Simplification of the global minimum tax: a simple yet viable solution

The introduction of the global minimum tax (GloBE, also known as Pillar Two) leads to criticism by affected firms: complying with the rules is highly complex. In cooperation with the OECD, TRR 266 researcher Deborah Schanz, together with Joachim Englisch from WWU Münster and their teams propose a way to make the tax more attractive for firms by minimizing their compliance costs. Their solution: firms should be exempted from filing a GloBE declaration for those countries where it is likely that they easily meet the agreed minimum tax rate.

In 2021, 137 countries reached an agreement on a global minimum tax, aiming at large corporations paying their fair share. As more details about the Pillar Two framework are revealed, affected firms criticize the effort and challenge to comply with the new rules. For example, each company will be required to submit a so-called “GloBE declaration” for each country in which the firm operates. This declaration serves to specify the firm’s effective tax rate in that country and to confirm whether it is below the minimum tax rate of 15%.

In anticipation of the approaching negotiations on how to facilitate compliance with Pillar Two, we were invited by the OECD to propose a simplification to the rules. After careful examination of all possibilities, we found a viable simplification: companies should be exempted from submitting a full GloBE declaration for those countries where they will most likely pay taxes at a rate above the minimum tax rate of 15%.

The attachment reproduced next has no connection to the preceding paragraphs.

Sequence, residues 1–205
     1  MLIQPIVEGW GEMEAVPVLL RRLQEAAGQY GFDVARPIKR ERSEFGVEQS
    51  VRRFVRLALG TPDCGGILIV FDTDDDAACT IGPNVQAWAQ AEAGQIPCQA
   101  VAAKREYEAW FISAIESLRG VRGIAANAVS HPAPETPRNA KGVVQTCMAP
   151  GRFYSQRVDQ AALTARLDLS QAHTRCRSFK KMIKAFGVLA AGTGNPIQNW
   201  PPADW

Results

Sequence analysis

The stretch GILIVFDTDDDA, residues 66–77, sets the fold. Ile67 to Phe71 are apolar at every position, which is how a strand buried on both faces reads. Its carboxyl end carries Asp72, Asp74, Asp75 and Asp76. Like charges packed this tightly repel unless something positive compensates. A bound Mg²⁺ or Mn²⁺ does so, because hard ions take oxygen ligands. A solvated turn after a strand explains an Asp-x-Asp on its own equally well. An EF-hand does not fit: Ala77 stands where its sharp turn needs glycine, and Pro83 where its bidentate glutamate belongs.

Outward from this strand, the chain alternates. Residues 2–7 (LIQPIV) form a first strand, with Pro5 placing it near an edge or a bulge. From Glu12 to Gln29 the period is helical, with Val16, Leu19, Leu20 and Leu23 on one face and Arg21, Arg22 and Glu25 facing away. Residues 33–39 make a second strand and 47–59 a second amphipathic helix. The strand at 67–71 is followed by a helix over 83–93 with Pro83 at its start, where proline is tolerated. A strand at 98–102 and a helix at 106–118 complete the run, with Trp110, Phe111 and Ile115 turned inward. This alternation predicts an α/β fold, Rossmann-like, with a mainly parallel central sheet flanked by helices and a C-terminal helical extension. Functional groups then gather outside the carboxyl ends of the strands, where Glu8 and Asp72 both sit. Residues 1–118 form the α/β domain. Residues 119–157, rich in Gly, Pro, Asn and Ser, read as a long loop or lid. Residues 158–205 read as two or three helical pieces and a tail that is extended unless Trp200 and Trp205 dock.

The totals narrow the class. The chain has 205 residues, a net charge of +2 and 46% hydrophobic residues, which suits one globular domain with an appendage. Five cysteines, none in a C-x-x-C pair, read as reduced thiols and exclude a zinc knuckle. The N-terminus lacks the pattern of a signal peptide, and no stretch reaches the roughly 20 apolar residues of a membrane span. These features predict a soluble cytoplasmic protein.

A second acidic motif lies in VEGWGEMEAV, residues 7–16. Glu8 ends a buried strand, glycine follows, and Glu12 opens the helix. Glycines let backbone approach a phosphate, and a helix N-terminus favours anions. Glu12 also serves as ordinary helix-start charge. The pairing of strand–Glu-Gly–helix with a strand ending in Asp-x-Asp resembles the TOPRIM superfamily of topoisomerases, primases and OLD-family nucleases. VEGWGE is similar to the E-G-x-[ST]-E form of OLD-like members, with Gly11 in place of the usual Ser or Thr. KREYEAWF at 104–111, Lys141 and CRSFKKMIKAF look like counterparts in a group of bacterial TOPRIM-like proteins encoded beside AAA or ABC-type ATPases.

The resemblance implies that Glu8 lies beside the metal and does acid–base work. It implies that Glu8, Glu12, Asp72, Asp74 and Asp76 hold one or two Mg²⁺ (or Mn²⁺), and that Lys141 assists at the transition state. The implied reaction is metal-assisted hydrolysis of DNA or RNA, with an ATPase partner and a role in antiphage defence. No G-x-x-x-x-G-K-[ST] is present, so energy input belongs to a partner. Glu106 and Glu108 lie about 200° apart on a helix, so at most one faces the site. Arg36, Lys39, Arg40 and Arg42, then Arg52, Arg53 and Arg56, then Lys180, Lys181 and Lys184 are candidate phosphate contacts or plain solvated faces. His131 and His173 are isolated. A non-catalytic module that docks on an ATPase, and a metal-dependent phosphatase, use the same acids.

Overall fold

Specifically, we propose a design option for an administrative safe harbor based on the “Tax Administrative Guidance” approach mentioned in the 2020 Pillar Two Blueprint. It allows MNEs to use existing information to avoid having to calculate a full GloBE effective tax rate for a particular jurisdiction. While still ensuring an objective and fair assessment of all interested jurisdictions.

A proper simplification of the Pillar Two rules laid out so far will be key to foster acceptance and facilitate compliance for affected firms.  We hope that our proposal helps to inform the debate around possible simplifications of the Pillar Two rules. Considering the tight schedule for the implementation of the minimum rules, policymakers will need to find a viable solution quickly.

 

To cite this blog:

Englisch, J., Harst, S., Schanz, D., Siegel, F. (Februar 02). Simplification of the global minimum tax: a simple yet viable solution., TRR 266 Accounting for Transparency Blog. https://www.accounting-for-transparency.de/blog/simplification-of-the-global-minimum-tax-a-simple-yet-viable-solution/.

Responses

Tel U

good solution is this workable in different countries? thank you for sharing

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Wanda Feldkamp

Thank you for your comment! We have tested the feasibility of our simplification proposal already in the case of Germany. This case study was also published as part of our publications in Intertax (https://doi.org/10.54648/taxi2022019) and on SSRN (https://papers.ssrn.com/sol3/papers.cfm?abstract_id=3984349). Therefore, we are confident that our simplification safe harbor works also in different countries. In addition, we would also argue that developing countries would benefit greatly from our simplification proposal if these countries would receive the right to rely on our proposed safe harbor instead of having to demand and audit full GloBE income calculations.

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